Learn More

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Daily Reading – November 10, 2018 https://thenalc.org/blog/2018/11/10/daily-reading-november-10-2018/ Sat, 10 Nov 2018 09:00:35 +0000 https://thenalc.org/?p=31456 42 Then Job answered the Lord and said:

2  “I know that you can do all things,
and that no purpose of yours can be thwarted.
3  ‘Who is this that hides counsel without knowledge?’
Therefore I have uttered what I did not understand,
things too wonderful for me, which I did not know.
4  ‘Hear, and I will speak;

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Job 42 (ESV)

Job’s Confession and Repentance

42 Then Job answered the Lord and said:

“I know that you can do all things,
and that no purpose of yours can be thwarted.
‘Who is this that hides counsel without knowledge?’
Therefore I have uttered what I did not understand,
things too wonderful for me, which I did not know.
‘Hear, and I will speak;
I will question you, and you make it known to me.’
I had heard of you by the hearing of the ear,
but now my eye sees you;
therefore I despise myself,
and repent in dust and ashes.”

The Lord Rebukes Job’s Friends

After the Lord had spoken these words to Job, the Lord said to Eliphaz the Temanite: “My anger burns against you and against your two friends, for you have not spoken of me what is right, as my servant Job has. Now therefore take seven bulls and seven rams and go to my servant Job and offer up a burnt offering for yourselves. And my servant Job shall pray for you, for I will accept his prayer not to deal with you according to your folly. For you have not spoken of me what is right, as my servant Job has.” So Eliphaz the Temanite and Bildad the Shuhite and Zophar the Naamathite went and did what the Lord had told them, and the Lord accepted Job’s prayer.

The Lord Restores Job’s Fortunes

10 And the Lord restored the fortunes of Job, when he had prayed for his friends. And the Lord gave Job twice as much as he had before. 11 Then came to him all his brothers and sisters and all who had known him before, and ate bread with him in his house. And they showed him sympathy and comforted him for all the evil that the Lord had brought upon him. And each of them gave him a piece of money and a ring of gold.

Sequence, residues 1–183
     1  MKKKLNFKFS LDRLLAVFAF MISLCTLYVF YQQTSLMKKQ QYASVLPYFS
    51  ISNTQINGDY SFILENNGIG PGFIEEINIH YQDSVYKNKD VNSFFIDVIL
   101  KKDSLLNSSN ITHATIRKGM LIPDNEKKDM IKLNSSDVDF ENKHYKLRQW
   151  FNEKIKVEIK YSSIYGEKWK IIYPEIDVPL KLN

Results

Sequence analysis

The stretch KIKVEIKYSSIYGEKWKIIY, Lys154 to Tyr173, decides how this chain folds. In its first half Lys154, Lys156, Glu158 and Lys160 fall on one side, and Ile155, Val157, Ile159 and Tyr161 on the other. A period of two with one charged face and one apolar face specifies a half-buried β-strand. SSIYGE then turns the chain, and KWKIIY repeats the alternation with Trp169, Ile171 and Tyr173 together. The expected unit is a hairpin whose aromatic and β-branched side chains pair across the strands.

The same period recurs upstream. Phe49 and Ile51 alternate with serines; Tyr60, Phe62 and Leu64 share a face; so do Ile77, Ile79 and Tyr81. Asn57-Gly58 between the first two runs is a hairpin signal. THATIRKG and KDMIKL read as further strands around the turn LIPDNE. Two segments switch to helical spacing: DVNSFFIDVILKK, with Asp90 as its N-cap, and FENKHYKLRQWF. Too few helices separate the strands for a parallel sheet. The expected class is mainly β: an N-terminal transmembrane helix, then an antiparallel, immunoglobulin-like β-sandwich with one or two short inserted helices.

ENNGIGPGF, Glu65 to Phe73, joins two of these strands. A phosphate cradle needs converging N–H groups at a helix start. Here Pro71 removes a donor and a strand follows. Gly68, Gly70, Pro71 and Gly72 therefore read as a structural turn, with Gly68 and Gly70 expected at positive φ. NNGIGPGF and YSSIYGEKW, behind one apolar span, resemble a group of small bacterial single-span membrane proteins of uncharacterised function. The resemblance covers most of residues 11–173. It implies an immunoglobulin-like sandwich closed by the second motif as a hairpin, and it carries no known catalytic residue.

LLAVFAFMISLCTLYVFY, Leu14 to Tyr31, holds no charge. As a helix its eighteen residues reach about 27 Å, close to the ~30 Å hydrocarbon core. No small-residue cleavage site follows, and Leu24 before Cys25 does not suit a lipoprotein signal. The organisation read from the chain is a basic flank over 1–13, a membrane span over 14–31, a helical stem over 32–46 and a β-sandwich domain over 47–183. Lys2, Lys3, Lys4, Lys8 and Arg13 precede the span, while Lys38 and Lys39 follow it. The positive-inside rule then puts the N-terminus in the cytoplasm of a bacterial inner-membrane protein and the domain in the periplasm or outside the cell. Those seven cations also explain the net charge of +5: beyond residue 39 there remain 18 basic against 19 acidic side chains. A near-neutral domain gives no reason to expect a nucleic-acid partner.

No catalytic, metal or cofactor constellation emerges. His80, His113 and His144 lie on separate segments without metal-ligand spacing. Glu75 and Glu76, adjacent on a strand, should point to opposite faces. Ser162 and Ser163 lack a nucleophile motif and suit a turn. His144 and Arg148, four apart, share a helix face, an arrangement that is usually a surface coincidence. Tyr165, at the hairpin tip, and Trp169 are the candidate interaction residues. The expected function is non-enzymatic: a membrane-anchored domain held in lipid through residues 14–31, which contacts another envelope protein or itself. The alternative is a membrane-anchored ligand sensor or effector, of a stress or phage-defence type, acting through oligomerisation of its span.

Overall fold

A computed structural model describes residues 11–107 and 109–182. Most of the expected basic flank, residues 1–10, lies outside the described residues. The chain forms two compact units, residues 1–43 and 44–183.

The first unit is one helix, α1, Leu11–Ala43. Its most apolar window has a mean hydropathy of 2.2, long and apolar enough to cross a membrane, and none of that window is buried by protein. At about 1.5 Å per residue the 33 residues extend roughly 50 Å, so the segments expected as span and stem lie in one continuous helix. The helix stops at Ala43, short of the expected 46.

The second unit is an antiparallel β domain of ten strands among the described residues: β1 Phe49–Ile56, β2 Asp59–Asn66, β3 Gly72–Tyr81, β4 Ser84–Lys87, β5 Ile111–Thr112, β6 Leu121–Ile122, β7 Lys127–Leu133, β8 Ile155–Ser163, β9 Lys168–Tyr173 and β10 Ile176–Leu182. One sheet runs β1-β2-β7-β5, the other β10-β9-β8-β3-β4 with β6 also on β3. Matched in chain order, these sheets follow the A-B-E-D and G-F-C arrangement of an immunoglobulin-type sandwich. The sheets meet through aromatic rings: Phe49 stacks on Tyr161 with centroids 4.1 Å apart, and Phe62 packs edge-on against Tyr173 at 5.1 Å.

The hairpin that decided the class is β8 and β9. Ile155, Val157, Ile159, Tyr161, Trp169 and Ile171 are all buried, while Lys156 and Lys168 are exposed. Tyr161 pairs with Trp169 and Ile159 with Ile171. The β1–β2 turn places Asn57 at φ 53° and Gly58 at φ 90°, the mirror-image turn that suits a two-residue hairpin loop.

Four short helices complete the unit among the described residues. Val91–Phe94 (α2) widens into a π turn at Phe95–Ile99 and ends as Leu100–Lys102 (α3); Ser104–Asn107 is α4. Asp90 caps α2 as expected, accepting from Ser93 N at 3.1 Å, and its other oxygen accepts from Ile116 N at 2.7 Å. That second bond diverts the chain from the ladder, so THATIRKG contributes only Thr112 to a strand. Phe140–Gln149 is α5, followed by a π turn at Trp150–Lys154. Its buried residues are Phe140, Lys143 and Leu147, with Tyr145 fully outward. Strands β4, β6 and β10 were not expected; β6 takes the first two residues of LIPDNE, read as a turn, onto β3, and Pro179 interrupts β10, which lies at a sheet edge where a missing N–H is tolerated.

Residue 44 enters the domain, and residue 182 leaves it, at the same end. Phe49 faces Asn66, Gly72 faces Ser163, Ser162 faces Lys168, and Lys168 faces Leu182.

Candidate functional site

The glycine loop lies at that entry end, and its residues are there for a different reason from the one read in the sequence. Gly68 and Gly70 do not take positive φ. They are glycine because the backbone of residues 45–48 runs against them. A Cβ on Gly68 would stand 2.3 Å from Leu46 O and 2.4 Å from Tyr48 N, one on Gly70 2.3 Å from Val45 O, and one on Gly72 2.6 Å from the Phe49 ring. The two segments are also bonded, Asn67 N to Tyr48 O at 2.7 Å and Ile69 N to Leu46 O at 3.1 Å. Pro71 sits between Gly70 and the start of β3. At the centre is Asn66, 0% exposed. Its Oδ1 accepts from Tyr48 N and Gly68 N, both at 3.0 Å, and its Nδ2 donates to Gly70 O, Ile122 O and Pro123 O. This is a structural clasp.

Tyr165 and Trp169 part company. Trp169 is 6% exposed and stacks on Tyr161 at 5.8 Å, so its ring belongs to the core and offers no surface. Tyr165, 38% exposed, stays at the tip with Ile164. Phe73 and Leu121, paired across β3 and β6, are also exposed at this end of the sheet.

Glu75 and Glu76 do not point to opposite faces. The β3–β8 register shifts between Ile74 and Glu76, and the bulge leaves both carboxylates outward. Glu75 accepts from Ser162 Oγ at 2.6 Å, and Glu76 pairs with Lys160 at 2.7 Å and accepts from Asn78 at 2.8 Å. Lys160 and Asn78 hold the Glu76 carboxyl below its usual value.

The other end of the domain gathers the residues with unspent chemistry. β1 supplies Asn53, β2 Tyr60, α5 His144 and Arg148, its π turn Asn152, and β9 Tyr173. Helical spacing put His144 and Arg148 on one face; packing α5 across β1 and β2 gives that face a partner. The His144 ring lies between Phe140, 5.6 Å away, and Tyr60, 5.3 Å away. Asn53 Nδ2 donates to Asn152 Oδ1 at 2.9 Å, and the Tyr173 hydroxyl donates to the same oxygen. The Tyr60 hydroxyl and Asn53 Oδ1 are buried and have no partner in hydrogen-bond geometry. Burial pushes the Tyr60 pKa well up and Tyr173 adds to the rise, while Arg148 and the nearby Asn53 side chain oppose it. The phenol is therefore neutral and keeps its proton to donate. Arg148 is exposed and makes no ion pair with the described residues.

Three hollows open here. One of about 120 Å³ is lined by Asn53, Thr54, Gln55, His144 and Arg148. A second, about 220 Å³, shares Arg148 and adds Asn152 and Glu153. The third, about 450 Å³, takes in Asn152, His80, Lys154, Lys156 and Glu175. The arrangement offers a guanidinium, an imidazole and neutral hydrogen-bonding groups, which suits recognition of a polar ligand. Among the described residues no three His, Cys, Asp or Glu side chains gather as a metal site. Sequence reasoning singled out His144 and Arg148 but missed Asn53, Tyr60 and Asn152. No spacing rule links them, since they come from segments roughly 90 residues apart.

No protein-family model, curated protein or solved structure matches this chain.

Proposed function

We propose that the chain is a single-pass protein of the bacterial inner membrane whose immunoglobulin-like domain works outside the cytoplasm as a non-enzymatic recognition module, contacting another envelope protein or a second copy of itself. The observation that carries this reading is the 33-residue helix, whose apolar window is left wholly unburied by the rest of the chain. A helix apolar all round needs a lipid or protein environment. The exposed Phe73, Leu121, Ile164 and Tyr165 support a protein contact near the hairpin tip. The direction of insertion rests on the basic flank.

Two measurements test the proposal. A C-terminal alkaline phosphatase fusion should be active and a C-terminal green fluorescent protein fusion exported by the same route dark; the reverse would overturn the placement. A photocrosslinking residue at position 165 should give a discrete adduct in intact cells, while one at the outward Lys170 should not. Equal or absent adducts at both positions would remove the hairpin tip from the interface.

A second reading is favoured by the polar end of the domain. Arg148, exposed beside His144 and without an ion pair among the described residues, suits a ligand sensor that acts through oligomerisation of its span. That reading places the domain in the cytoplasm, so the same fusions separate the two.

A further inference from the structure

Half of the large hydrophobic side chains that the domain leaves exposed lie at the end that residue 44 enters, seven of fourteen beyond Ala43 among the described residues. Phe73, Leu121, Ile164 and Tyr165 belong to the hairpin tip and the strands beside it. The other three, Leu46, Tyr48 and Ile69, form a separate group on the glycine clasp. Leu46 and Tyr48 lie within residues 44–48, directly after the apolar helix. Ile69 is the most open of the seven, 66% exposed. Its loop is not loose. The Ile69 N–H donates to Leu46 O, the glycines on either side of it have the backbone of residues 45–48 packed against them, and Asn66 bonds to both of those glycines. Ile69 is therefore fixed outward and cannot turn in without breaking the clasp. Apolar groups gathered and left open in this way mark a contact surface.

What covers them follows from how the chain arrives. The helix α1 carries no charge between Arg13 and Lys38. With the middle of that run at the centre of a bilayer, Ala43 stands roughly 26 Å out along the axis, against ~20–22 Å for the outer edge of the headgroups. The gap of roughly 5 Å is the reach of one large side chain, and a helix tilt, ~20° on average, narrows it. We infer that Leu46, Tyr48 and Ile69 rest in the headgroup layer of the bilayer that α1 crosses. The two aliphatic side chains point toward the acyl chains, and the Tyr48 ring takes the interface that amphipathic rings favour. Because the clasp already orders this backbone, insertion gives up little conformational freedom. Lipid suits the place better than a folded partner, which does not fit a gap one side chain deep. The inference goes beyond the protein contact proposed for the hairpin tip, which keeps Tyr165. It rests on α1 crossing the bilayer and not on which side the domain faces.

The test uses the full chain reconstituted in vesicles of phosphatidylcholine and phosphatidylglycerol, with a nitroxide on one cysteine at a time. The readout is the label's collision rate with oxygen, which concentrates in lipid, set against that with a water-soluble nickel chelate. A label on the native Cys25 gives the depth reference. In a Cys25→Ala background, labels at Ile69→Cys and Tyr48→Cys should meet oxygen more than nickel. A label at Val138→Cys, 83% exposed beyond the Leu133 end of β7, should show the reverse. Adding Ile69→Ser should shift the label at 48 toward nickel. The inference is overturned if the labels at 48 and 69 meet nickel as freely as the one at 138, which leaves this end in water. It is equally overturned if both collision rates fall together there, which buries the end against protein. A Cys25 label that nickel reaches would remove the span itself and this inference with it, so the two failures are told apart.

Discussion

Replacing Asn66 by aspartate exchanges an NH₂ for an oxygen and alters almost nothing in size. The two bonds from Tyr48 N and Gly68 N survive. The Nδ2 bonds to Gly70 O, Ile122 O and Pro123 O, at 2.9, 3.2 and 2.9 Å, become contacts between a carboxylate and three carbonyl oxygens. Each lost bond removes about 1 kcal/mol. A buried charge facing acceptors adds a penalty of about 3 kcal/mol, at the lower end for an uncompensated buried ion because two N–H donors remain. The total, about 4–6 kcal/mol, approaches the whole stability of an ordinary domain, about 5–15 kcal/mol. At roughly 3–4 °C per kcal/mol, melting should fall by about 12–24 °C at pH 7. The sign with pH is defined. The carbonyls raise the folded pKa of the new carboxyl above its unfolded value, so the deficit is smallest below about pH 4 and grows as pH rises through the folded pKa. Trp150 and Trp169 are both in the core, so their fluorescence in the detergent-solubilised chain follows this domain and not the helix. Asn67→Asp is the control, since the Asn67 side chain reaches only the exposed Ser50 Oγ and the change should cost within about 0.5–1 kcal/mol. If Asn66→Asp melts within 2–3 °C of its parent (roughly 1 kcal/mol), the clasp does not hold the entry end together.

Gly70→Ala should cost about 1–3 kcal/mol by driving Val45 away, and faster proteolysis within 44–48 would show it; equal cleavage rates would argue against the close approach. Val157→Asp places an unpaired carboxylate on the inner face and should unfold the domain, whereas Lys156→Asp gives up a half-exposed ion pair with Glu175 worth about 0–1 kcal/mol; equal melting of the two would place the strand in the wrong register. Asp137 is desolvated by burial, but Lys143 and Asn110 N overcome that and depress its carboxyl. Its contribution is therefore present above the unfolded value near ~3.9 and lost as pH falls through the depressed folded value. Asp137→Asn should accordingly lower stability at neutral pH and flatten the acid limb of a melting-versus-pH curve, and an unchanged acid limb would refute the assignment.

12 And the Lord blessed the latter days of Job more than his beginning. And he had 14,000 sheep, 6,000 camels, 1,000 yoke of oxen, and 1,000 female donkeys. 13 He had also seven sons and three daughters. 14 And he called the name of the first daughter Jemimah, and the name of the second Keziah, and the name of the third Keren-happuch. 15 And in all the land there were no women so beautiful as Job’s daughters. And their father gave them an inheritance among their brothers. 16 And after this Job lived 140 years, and saw his sons, and his sons’ sons, four generations. 17 And Job died, an old man, and full of days.

Psalm 119:33–40 (ESV)

HE

33  Teach me, O Lord, the way of your statutes;
and I will keep it to the end.

34  Give me understanding, that I may keep your law
and observe it with my whole heart.

35  Lead me in the path of your commandments,
for I delight in it.

36  Incline my heart to your testimonies,
and not to selfish gain!

37  Turn my eyes from looking at worthless things;
and give me life in your ways.

38  Confirm to your servant your promise,
that you may be feared.

39  Turn away the reproach that I dread,
for your rules are good.

40  Behold, I long for your precepts;
in your righteousness give me life!

Luke 21:25–38 (ESV)

The Coming of the Son of Man

25 “And there will be signs in sun and moon and stars, and on the earth distress of nations in perplexity because of the roaring of the sea and the waves, 26 people fainting with fear and with foreboding of what is coming on the world. For the powers of the heavens will be shaken. 27 And then they will see the Son of Man coming in a cloud with power and great glory. 28 Now when these things begin to take place, straighten up and raise your heads, because your redemption is drawing near.”